- A new survey from Acquia finds that 65% of consumers are unsure of which brands are using their data, and 55% don't know how how brands are using their personal information.
- Most customers (59%) wait at least a month before sharing personal data with brands, and 49% are more comfortable giving personal information to brands that have brick-and-mortar locations, according to the survey. Sixty-five percent of respondents said they would stop using a brand that wasn't transparent about how it was using their data.
- In a press release, Acquia SVP Tom Wentworth said brands have a responsibility to educate consumers about data usage and businesses should allow consumers to opt in or out of data sharing.
The advent of Amazon and other e-commerce giants has ushered in an era of near-constant data sharing, and there's no turning back. The conversation around how consumers feel about giving up some privacy to companies is not new and hasn't changed much over the years. A 2012 survey by PwC showed that most consumers were willing to share personal information to a point, as long as there was something (like a discount) in return. Last year, a Salesforce report showed that younger consumers — namely Gen Z and millennials — are more likely to hand over their personal data, though again for something in return.
Though most consumers are wary of giving up such information, the key for companies to get them to buy in anyway is by offering a benefit of sorts. This could be why restaurants seem to be pulling out all the stops to woo consumers to their mobile apps. Wendy's is offering free Baconator Fries with any purchase via the Wendy's app, for example.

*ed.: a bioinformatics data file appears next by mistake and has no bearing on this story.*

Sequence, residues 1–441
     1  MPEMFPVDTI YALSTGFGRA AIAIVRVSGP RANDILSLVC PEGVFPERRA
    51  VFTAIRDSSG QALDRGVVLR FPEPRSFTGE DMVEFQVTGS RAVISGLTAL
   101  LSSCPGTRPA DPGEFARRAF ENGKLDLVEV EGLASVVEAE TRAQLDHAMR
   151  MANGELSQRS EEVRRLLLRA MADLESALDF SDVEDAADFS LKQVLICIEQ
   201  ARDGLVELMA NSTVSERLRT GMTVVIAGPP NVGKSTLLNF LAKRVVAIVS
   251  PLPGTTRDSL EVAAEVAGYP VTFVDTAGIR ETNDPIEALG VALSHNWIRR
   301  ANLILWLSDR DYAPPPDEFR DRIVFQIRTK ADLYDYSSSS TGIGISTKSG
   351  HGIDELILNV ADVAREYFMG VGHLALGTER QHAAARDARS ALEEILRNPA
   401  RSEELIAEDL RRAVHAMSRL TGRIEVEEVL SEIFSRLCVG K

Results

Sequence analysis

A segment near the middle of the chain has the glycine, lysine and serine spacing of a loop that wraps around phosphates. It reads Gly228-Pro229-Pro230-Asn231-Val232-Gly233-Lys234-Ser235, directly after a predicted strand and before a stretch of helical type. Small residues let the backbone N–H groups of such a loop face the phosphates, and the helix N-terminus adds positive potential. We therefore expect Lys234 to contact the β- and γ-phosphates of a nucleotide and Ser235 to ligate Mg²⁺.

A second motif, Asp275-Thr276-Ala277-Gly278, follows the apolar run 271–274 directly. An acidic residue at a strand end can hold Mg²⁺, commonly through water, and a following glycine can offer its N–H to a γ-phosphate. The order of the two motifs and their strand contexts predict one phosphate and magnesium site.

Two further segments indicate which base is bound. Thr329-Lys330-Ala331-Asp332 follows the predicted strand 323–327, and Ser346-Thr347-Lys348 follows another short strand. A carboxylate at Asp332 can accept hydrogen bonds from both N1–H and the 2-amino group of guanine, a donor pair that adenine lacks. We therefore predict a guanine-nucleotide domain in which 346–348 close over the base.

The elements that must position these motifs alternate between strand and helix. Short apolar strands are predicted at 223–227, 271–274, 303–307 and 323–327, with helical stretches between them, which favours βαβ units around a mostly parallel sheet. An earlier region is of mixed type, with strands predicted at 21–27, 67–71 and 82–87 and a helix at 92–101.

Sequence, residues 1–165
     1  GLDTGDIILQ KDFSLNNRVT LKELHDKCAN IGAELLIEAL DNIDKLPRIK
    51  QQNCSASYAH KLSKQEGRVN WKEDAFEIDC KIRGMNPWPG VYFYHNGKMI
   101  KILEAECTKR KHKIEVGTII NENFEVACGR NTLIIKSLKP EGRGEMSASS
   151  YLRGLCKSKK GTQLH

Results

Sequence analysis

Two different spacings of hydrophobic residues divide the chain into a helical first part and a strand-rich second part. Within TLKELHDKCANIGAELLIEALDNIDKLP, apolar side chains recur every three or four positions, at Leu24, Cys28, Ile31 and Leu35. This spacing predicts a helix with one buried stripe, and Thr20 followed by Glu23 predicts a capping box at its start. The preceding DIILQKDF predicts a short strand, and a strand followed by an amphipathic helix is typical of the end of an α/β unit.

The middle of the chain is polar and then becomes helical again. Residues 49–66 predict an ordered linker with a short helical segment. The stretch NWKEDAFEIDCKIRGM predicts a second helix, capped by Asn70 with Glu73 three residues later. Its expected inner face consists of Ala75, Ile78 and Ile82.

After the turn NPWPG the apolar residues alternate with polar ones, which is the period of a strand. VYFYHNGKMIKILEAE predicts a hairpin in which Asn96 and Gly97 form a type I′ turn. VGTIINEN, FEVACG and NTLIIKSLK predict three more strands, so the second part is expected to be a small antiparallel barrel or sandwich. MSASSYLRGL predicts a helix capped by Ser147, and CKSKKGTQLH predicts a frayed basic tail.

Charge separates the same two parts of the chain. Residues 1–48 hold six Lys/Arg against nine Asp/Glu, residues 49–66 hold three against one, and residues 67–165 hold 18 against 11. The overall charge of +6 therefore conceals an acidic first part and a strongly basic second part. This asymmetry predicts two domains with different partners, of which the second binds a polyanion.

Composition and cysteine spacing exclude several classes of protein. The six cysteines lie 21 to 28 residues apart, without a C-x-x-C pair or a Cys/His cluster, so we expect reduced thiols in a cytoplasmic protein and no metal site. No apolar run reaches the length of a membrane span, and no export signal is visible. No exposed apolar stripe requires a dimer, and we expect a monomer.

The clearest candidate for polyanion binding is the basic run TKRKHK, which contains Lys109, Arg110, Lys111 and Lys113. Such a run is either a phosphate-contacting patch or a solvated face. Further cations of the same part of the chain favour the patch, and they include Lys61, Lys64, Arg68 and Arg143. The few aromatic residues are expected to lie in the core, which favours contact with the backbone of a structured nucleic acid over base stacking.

Chipotle has been generating strong loyalty program sign-ups for free burritos and more. The program, launched in March, now has more than 5 million members. Starbucks is also a successful case study when it comes to effectively mining its customer data and its rewards members accounted for 42% of the money spent at U.S. locations because of these efforts, according to Restaurant Business. During Starbucks' Q3 call, COO Roz Brewer said the company knows "a lot more" about its customers and that knowledge is informing the chain's beverage innovation.
Such data collection allows brands to get hyper-personalized with their direct-to-consumer communication, a big advantage in a saturated restaurant space. Blanketed marketing messages are no longer as effective.
All of this — data mining, personalized marketing, etc. — has become the new normal, but consumers still have their limits. Most consumers, for example, aren't willing to give up a fingerprint or face scan, according to The Center for Data Innovation (though some restaurant chains, like KFC China, are dipping their toes in facial scanning). This presents a fine line for brands to walk. Indeed it's important for them to have relevant communications and they will accomplish just that if they have more personal information. But it's more critical for restaurants to gain consumer trust first, and they can do that by offering more transparency and control.
"Allowing consumers to opt in or out of data sharing will become more common over time as brands recognize that giving consumers back control of their data is not only the right thing to do, but it will also benefit their business in the end," Wentworth said.